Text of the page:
○ This confusion is further evident from the fact that 50% of  respondents agreed with the statement:

“Banks make it easy to understand the true cost of sending to and receiving money from abroad”.

Hidden fees in international money transfers have come under the spotlight in recent years. A March 2018 study by the UK’s Behavioural Insights Team was commissioned by the UK Government to look into hidden fees in foreign exchange transactions. The study found that hidden fees drive poor decision making by consumers: An experiment in the study saw the proportion of people choosing the best option falling from 69% to 42% when fees were hidden.

In Australia, the Competition Commission has launched an investigation into the misleading practice. Research had shown Australians were losing A$3.1 billion a year to hidden fees.

In Europe, the figure is €12.5 billion euros. The European Parliament voted in November 2018 in favour of mandatory transparency for cross-border payments. Regulators in other parts of the world should also consider updating their laws and regulations to give consumers the transparency they need to make good financial decisions, TransferWise believes.

Hidden Fees still the norm in Hong Kong market Another study by Consumer Intelligence shows that banks and remittance companies serving the Hong Kong market hide between 27% and 93% of their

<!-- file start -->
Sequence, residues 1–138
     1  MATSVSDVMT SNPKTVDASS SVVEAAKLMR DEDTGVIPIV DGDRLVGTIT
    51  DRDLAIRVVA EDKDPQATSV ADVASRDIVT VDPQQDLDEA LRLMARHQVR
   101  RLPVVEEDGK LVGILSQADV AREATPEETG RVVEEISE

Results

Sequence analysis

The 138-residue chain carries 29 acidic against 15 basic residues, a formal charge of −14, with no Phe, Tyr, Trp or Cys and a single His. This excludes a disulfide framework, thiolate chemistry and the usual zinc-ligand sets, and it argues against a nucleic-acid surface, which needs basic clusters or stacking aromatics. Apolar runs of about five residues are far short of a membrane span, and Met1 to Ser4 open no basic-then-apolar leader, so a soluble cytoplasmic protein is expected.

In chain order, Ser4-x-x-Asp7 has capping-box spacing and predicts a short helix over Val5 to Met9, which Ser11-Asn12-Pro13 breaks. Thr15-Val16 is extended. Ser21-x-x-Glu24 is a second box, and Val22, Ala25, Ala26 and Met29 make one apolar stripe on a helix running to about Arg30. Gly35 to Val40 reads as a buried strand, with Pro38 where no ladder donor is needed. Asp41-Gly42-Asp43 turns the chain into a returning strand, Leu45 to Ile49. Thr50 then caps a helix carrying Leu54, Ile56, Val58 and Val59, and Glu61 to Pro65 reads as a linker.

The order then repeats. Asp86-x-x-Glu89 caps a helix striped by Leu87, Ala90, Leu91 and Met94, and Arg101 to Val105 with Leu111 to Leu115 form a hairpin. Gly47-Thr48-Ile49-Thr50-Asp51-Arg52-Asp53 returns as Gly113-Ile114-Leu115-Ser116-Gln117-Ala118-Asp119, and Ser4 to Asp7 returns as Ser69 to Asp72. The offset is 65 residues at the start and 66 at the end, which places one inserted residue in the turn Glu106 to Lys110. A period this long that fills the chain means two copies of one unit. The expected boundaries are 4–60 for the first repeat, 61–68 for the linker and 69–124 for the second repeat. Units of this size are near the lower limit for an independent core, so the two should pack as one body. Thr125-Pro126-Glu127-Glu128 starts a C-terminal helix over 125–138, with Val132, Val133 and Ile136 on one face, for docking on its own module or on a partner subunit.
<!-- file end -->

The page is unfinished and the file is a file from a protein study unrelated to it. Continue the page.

fees in exchange rate mark-ups.

PayPal is the company that hides the largest percentage of its total fees – 93%. This means that, on average, for every $100 in fees that PayPal actually charges, there is a hidden fee of $93 – in the form of an exchange rate mark-up. Only $7 is presented as a fee to the consumer.

HSBC is the bank with the highest percentage of hidden fees – 68%. TransferWise is the only player charging zero hidden fees (see Figures 1 and 2).

Average hidden fees as a % of total fees, by service provider

Figure 1: Average hidden fees as a % of total fees, by service provider

Average total fees as a % of transaction amount, by service provider

Figure 2: Average total fees as a % of transaction amount, by service provider

On one typical route – sending HK$5,000 from Hong Kong to the UK (see Figures 3 and 4):

Sending HK$5,000 to the UK - how large are the hidden fees?

Figure 4: Sending HK$5,000 to the UK – how large are the hidden fees?

● PayPal charges the highest fees – HK$264.22.

○ Yet, they claim to customers that they charge just HK$38.99.
○ Their fees are nearly 9 times as expensive as the cheapest option

● Citibank is the bank that charges the highest fees – HK$259.39.

○ Yet, they claim to customers that they charge just HK$200.
○ Their fees are nearly 3 times as expensive as the cheapest bank, and nearly 9 times as expensive as the cheapest option.

● HSBC is the bank with the highest percentage in hidden fees – hiding 49% of its total fees
○ They claim to customers that they charge just HK$65, but their total fees are in fact HK$127.87.

 

Featured image credit: Edited from Unsplash and Freepik